Buzzin like Bees

Hanson, T. 2015. The Triumph of Seeds. New York: Basic Books. p 113-175

I really enjoy the little things.  For instance, my parent’s house is that where the only dividing walls are those of the bedrooms and bathrooms.  So, in the early wake of the day, from my bedroom, I can hear the quiet mumbling of the brewing morning coffee.  Even before I drank coffee, it signaled the beginning of a new day.  Its peaceful noise and its distinct strong scent linger in the air every morning and gradually, every morning, the welcoming coffee familiarities are replaced with other sounds of life.

When I began to read Thor Hanson’s chapters of “Seeds Defend,” not a mere 3 pages in read “almendro”(p.116),  and suddenly memories of boredom flooded back to me from the previous Thor Hanson reading a few months ago.  The funny things is, I made a genuine attempt on my first Thor Hanson blog to be appreciative of the knowledge he had to share.  I commented on the educational aspect he successfully incorporated into his personal anecdotes- whilst this is all well and true, the trigger of that familiar almendro, made me realize that I was probably lying to myself.  To be completely honest, I really did not appreciate Thor Hanson’s writing that much the first time.  So,  I begrudgingly continued on from page 116, but to my pleasant surprise- I can honestly share that this time, I really did enjoy Thor Hanson’s writing. I was both amused and intrigued. So, what changed?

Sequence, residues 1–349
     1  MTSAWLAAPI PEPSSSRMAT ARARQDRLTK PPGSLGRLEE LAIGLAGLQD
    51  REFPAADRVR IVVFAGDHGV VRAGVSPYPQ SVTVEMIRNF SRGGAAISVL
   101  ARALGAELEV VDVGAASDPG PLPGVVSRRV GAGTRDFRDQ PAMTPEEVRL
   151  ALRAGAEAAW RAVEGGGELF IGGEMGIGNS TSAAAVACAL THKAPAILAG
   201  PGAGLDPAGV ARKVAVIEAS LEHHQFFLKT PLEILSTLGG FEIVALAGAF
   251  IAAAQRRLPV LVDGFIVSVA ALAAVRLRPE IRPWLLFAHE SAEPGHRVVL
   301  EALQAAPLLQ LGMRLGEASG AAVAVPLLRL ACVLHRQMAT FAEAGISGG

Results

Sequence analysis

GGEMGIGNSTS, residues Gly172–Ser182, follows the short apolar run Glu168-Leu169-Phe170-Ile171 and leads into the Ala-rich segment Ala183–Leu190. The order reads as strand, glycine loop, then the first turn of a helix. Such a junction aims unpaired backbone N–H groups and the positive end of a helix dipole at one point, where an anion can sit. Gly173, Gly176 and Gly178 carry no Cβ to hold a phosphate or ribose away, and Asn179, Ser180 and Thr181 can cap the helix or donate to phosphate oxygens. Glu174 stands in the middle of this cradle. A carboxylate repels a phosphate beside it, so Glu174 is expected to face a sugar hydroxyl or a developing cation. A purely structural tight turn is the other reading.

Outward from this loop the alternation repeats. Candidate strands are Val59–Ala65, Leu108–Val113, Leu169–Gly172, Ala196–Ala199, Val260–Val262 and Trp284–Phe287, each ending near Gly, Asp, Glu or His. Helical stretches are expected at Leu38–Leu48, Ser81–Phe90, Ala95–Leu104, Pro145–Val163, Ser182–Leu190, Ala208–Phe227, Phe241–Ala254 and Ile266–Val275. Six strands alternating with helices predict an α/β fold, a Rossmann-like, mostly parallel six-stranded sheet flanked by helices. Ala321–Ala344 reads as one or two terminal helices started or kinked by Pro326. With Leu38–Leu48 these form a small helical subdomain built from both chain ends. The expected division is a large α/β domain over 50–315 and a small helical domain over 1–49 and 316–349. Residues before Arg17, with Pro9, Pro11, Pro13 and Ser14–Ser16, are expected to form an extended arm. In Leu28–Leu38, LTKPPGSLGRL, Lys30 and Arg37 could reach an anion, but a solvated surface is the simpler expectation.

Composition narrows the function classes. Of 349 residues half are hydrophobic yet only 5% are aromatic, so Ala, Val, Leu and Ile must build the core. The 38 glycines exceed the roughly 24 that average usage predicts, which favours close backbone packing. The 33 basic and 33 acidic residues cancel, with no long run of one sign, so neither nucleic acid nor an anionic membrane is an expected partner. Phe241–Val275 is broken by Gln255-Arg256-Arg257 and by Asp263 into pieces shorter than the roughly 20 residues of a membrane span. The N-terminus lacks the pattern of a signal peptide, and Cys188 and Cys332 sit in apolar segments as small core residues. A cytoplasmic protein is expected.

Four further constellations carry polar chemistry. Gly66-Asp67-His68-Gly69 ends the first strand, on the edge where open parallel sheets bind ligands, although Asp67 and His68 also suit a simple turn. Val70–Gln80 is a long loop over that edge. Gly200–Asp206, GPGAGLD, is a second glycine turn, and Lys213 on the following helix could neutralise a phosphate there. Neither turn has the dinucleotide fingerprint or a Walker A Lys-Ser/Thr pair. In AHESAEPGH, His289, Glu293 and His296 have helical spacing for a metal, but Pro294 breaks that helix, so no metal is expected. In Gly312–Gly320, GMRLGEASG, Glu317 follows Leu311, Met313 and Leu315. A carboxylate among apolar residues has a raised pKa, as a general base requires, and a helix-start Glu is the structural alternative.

Each chapter of Hanson’s Seeds Defend, focuses on one plant and the relationships that exist for those plants.  Remarkably fluid in thought, his story encapsulates co-evolutionary relationships, Christopher Columbus, chili peppers, coffee, the KGB, James Bond and of course, the almendro tree.  Quite the range of topics.  Through the varying topics, I finally understood the lively story telling Hanson has been praised for.  With each plant story, Hanson successfully connects the audience.  In some instances, he introduces a character to attach us to the moment like when he paints a colourful scene of a coffee shop in Seattle with its java passionate workers.  In other instances, he will tie human experiences to connect us to his words like recalling the memory of putting orange slices in your mouth to make funny faces.  Through  Hanson’s anecdotal writing, I naturally began considering my own experiences, and my own connections to plants. I was reflecting on some of the same plants Hanson wrote about like the coffee plant and the emotional attachments in which coffee has integrated itself into my own life.  Those quiet morning brews.  He repeatedly  incorporates humans, our experiences or both to portray the seemingly unrelated triumph of seeds in history.  So, why does this prove so successful for Hanson?